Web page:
God the Father — Creator of the Universe, Lover and Pursuer of the Beloved, source of all life eternal and goodness universal, the Supreme Parent who never lets the family down.

Jesus, God the Son — the Eternal become Us, the Forever Word spoken into the Finite World, Immanuel, God-with-us, risen and alive. Fr. Gallup, as he repeats the beginning of Paul’s final blessing to the Corinthians, says, “The Grace of our Lord Jesus Christ — Paul starts at the place in the Circle of God where it was broken, so we could join!”

God the Holy Spirit — God with us today, illuminating the Scriptures, animating our faith and worship, interceding for us in our weakness “with sighs too deep for words,” leading us, strengthening us, turning on the lights for us when our paths become indistinct, blowing as powerfully and unpredictably as the wind. As Jesus reminded us, we can’t see the wind, but we can-especially in its aftermath-witness its power!

Augustus William Hare, a nineteenth century divine — with all the masculine language of the 1800’s, of course — wrote in The English Sermon the familiar, classic, and still useful reflection on the Trinity:

One of the comparisons or likenesses I am speaking of is taken from the most glorious object which our eyes see, the sun. That ball of light and heat, which we call most properly the sun, may be compared to the Father, from whom both the Word and the Spirit come. From this sun the light issues, and is as it were a part of it, and yet comes down to our earth and gives light to us. This we may compare to the Word, who came forth from the Father, and came down on earth, and was made man, and who, as St. John tells us, is “the true light, which lighteth every man that cometh into the world.”
But beside this there is the heat, which is a different thing from the light: for all we know, there may be heat without light; and so may there be light — moonlight, for example, and starlight — without any perceivable heat. Yet the two are blended and united in the sun; so that the same rays, which bring us light to enlighten us, bring us heat also to warm us, and to ripen the fruits and herbs of all kinds which the earth bears. This heat of the sun may not unfitly be compared to the Holy Spirit, the Lord and Giver of life, as the creed calls him, for heat is the great fosterer of life: as we see, for example, in an egg. As that is hatched by the warmth of the parent bird, sitting on it lovingly, and brooding over it, until it is quickened into life; just so does the Holy Spirit of God brood with more than dovelike patience over the heart of the believer, giving it life and warmth; and though he be driven away again and again by our backslidings, he still hovers round our hearts, desiring to return to them, and to dwell in them, and cherish them forever.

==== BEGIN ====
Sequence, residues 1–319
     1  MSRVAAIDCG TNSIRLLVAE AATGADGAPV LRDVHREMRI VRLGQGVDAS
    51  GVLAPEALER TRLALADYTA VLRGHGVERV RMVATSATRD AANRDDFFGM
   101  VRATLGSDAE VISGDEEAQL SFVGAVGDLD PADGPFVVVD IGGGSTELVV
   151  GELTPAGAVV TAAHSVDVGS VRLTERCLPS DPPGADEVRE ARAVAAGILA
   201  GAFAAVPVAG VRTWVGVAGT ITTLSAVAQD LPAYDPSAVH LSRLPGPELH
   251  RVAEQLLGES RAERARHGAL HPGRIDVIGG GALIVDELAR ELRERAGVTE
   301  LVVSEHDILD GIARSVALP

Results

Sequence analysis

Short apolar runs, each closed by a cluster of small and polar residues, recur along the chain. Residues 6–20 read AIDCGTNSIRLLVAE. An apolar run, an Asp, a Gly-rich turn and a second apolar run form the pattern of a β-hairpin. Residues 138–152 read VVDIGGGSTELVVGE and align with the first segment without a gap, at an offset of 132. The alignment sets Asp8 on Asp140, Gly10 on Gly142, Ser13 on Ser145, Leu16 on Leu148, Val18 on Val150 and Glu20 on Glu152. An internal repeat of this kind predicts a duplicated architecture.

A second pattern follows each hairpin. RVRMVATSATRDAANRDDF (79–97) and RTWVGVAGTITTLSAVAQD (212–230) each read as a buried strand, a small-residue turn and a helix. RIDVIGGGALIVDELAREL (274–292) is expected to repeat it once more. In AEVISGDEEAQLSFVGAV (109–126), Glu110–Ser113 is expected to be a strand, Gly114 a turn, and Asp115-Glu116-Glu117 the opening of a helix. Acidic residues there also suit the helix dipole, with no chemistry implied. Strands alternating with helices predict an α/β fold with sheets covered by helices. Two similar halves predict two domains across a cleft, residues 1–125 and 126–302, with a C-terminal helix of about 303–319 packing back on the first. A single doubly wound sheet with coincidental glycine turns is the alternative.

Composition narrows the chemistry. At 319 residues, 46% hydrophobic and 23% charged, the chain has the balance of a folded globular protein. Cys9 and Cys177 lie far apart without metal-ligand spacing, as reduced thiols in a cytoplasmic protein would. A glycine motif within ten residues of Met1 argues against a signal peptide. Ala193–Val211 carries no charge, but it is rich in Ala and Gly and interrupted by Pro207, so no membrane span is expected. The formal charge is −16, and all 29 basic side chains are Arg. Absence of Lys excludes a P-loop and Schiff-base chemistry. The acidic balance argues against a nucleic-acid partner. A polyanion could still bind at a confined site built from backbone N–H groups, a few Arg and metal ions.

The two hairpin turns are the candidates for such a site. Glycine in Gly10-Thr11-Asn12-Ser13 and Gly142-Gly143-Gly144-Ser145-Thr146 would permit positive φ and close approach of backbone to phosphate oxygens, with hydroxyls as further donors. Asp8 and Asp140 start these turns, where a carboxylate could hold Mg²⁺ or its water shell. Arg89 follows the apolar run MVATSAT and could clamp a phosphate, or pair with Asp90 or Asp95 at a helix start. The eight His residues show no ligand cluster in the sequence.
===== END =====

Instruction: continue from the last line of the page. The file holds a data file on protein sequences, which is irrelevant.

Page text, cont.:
Moreover, if any seed of the Word has begun to spring up in any heart, the Spirit descends like a sunbeam upon it, and ripens the ear, and brings the fruit to perfection. Thus have we first the sun in the sky, secondly, the light, which issues from the sun, and thirdly the heat, which accompanies the light — three separate and distinguishable things; yet distinct as they are, what can be more united than the sun and its rays, or than the light and heat which those rays shed abroad?

Although sentimental, Hare’s piece captures something essential: the Love which is the very essence of our God in all three persons, the substance of which God consists, the “heart of the eternal,” which is “most wonderfully kind.” Using Grant Gallup’s metaphor, let us join in the eternal circle dance of Divine Love, singing with all our being:

I bind unto myself the Name,
The strong Name of the Trinity,
By invocation of the same,
The Three in One, and One in Three.
Of whom all nature hath creation,
Eternal Father, Spirit, Word:
Praise to the Lord of my salvation,
Salvation is of Christ the Lord.


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Christopher Sikkema